In compositional circles his star rose and faded. At first he created a following of students at Yale, but later on, as stylistic expectations changed, he was marginalized by the avant garde, especially as his criticism of new techniques became more intense. When the new music enthusiasts at the Darmstadt summer courses had described his recent compositions as “old iron”, he responded, “It is an honor to belong with the ‘old iron’. Music history is full of old iron, and it was always more durable than new bullshit’ (unpublished letter to Schott, 29 July 1949).*(5)
In spite of the ever-shifting musical styles and the battle between the old and the new, the legacy of Hindemith remains. Upon his death, he was recognized as the greatest musician of his time. As a teacher, he influenced a generation of American composers, including Samuel Adler, Norman Dello Joio, Lukas Foss, and William P. Perry. In 1968 the Hindemith Foundation was established in order to encourage the study of his compositional output. His works have enjoyed multiple performances, as his eclectic style tends to appeal to wider audiences.
Mathis der Maler is Hindemith’s credo, his mission statement, his own libretto to the opera of his life, and a legacy to other composers and artists. His music continues to speak to the importance of remaining faithful to one’s artistic calling amidst distractions and criticism. Pursuing one’s art is not selfish or cowardly, it is one’s duty and destiny.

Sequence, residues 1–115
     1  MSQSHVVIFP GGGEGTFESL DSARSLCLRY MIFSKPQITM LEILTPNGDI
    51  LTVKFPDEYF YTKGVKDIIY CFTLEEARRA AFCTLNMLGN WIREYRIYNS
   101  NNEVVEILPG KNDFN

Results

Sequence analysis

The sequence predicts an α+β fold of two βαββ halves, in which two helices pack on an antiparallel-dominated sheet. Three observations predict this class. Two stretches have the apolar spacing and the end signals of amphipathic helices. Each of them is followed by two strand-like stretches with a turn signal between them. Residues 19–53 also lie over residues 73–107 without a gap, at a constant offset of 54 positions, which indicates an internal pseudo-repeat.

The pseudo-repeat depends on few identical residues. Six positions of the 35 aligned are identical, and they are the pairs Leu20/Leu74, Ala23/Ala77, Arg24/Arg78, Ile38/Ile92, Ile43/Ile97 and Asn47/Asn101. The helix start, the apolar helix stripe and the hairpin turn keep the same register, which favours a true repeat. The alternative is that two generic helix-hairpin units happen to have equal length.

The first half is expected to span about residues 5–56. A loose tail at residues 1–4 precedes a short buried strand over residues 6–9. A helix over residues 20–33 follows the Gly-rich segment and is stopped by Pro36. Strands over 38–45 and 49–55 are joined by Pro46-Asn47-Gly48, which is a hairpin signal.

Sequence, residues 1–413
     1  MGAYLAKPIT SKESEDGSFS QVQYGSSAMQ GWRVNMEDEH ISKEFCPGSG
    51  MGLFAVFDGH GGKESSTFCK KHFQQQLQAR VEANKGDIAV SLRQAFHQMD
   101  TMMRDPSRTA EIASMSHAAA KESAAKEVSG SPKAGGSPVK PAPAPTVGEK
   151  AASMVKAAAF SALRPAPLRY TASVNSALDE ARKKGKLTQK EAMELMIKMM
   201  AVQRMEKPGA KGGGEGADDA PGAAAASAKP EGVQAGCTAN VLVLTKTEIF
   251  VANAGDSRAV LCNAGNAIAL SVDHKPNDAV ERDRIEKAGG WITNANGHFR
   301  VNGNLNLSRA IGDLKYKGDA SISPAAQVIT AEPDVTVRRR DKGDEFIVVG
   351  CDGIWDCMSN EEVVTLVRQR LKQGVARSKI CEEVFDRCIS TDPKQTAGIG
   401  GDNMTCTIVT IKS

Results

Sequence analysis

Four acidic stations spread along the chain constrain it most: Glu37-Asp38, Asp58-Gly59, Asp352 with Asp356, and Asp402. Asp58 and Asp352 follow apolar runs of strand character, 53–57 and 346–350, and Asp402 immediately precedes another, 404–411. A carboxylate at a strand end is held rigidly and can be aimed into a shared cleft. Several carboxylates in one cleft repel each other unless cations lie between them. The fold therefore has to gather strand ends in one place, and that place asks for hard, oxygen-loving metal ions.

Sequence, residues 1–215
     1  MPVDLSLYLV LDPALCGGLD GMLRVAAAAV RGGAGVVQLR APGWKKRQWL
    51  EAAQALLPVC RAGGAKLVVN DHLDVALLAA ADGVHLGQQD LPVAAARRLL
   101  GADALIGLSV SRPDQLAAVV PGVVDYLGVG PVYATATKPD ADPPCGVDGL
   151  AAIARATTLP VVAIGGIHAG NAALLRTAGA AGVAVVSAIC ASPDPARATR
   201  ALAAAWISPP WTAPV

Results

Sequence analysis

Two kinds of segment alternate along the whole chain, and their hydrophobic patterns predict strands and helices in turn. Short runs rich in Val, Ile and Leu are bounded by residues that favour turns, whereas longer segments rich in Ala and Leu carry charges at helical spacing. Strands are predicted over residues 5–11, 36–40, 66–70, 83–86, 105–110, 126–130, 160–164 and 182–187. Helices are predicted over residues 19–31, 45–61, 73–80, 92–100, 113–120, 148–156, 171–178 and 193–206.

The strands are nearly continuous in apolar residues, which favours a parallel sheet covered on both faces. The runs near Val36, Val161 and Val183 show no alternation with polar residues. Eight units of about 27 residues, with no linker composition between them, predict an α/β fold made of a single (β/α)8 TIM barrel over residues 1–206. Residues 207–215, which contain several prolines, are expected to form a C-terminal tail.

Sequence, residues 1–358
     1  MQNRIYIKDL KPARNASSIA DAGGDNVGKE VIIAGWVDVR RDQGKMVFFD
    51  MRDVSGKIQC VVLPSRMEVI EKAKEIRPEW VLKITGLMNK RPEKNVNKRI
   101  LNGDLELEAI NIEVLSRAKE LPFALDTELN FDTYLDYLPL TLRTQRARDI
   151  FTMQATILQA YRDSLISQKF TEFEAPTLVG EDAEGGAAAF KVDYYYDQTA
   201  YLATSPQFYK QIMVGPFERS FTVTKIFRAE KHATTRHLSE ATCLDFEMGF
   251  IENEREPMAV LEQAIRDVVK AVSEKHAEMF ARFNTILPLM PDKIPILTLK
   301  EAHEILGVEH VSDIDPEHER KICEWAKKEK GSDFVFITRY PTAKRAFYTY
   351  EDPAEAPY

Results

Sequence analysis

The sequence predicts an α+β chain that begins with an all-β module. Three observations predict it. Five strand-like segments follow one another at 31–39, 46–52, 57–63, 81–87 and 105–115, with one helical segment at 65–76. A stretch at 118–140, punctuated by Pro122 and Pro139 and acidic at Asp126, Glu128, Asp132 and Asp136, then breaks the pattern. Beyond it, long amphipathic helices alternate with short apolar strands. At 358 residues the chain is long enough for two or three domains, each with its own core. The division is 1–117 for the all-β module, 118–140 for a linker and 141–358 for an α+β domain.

*(1) Paul Hindemith, “Zur Einführung”, in Textheft zur Uraufführung im Stadttheater Zürich am 28. Mai 1938, pp. 3-5. (Translation Siglind Bruhn)
*(2) Siglind Bruhn, The temptation of Paul Hindemith: Mathis der Maler as a spiritual testimony. (Pendragon Press, 1998), xv
*(3) Ian Kemp, “Preface”, Paul Hindemith, Mathis Der Maler Symphony. Ernst Eulenburg Ltd., 1984.
The paintings: Mathis Grünewald – The Meeting of Saint Antony with Paul the Hermit, Temptation of Saint Antony – inspiration for Versuchung des heiligen Antonius (The Temptation of St Antony), the third movement of Hindemith’s symphony.
©2010 Dosia McKay. If you intend to copy any portion of my work, please cite me in the credits/bibliography. To fail to do so would be plagiarism.